Each of these systems contains PII and biometrics, especially fingerprints and facial photographs.

ADIS is the central repository for storing, reconciling, and reporting on immigrant and non-immigrant traveler arrivals and departures across air, sea, and land ports of entry (POEs). ADIS matches arrivals with departures to identify illegal overstays and provides a wide range of ad-hoc queries and reporting capabilities for arrival and departure information.

Phase 3 of the One DHS Overstay Vetting effort also utilizes foreign national overstay data that’s been “obtained through system processing in ATS and ADIS to identify certain individuals who have remained in the US beyond their authorized period of admission,” or overstays, who may “present a heightened security risk.”

In January 2014, ADIS was transitioned from the Office of Biometric Identity Management (OBIM) in DHS’s National Protection and Programs Directorate (NPPD) to CBP, which tracks biographical information on identified and possible overstays from ADIS against risk-based rules in ATS that’s “based on information derived from past investigations and intelligence.”

CBP then provides the results of these analyses from ADIS to ICE for further processing –activities covered by Privacy Impact Assessments (PIAs) for ATS, US-VISIT Technical Reconciliation Analysis Classification System, and Overstay Vetting.

Three years ago, the “overstay candidate’s process was eliminated, and the weekly Overstay Leads process was moved to a daily process, streamlining the overall processing of overstays,” and in May 2016, “the data feed from the ICE SEVIS system was upgraded to a daily feed to include additional data elements necessary for overstay processing,” the audit report explained.

This Fiscal Year, CBP continues to work with ICE’s Counterterrorism and Criminal Exploitation Unit “to enhance the current interface with LeadTrac to include [these] additional data elements,” the report disclosed.

According to DHS’s latest Entry/Exit Overstay Report released in October, “there were 52,656,022 in-scope non-immigrant admissions to the United States through air or sea POEs with expected departures occurring in FY 2017, which represents the majority of air and sea annual non-immigrant admissions. Of this number, DHS calculated a total overstay rate of 1.33 percent, or 701,900 overstay events. In other words, 98.67 percent of the in-scope non-immigrant entries departed the United States on time and in accordance with the terms of their admission.”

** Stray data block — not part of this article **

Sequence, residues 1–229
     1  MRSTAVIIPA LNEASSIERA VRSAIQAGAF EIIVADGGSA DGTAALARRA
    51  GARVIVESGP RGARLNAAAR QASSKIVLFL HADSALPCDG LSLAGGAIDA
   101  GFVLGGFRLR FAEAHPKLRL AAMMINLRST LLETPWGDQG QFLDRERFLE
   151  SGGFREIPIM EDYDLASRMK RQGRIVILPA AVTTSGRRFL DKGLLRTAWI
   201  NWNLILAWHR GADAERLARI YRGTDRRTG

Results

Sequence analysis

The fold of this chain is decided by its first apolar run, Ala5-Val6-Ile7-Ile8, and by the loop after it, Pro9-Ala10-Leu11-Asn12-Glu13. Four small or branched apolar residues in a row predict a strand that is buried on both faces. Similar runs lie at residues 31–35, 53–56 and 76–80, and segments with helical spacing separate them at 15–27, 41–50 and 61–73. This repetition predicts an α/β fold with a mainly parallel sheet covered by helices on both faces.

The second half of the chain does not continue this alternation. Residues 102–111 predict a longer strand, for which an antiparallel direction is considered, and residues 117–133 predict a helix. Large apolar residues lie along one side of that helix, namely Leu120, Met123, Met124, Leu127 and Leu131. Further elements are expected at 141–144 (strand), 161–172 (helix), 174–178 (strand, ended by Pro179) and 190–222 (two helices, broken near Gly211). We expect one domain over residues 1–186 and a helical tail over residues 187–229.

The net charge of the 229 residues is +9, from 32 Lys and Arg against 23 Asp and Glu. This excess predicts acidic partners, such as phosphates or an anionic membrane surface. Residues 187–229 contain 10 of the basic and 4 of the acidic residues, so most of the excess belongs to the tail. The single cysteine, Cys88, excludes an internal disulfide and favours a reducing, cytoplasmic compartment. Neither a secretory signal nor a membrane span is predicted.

The report said that, “As of May 1, 2018, DHS has been able to confirm the departures or adjustment of status of more than 99.20 percent of non-immigrants scheduled to depart in FY 2017 via air and sea POEs.”

While the overall Suspected In-Country Overstay rate for this scope of travelers is 1.15 percent of the expected departures, DHS said this still represents a significant number of people; More than 600,000 at the end of FY 2017.

Last year, DHS expanded its overstay mission capabilities by “further developing a vetting unit responsible for assisting the review of Out-of-Country overstay leads.” CBP, for example, began a notification process for Visa Waiver Program [VWP] travelers who overstayed their period of admission in the United States, emailing them regarding their non-compliance and informing them of the ramifications of their violation. This year, “CBP also began notifying VWP travelers in advance of the end date of their period of authorized admission.”

According to the report, “CBP plans to further expand these notifications to additional populations. Additionally, DHS began requiring VWP countries with an overstay rate equal to or exceeding two percent to implement a public awareness campaign intended to educate their nationals on the importance of abiding by the terms of their admission to the United States.”